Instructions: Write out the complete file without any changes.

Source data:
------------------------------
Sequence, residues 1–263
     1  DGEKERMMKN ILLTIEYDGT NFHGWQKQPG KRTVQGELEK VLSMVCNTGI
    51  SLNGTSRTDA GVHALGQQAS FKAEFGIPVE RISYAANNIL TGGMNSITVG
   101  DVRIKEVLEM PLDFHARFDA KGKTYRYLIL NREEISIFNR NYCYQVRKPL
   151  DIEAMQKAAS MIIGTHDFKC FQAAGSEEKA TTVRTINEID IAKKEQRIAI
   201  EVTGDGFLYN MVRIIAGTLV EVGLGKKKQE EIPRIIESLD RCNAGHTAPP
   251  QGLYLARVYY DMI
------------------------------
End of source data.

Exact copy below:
Sequence, residues 1–263
     1  DGEKERMMKN ILLTIEYDGT NFHGWQKQPG KRTVQGELEK VLSMVCNTGI
    51  SLNGTSRTDA GVHALGQQAS FKAEFGIPVE RISYAANNIL TGGMNSITVG
   101  DVRIKEVLEM PLDFHARFDA KGKTYRYLIL NREEISIFNR NYCYQVRKPL
   151  DIEAMQKAAS MIIGTHDFKC FQAAGSEEKA TTVRTINEID IAKKEQRIAI
   201  EVTGDGFLYN MVRIIAGTLV EVGLGKKKQE EIPRIIESLD RCNAGHTAPP
   251  QGLYLARVYY DMI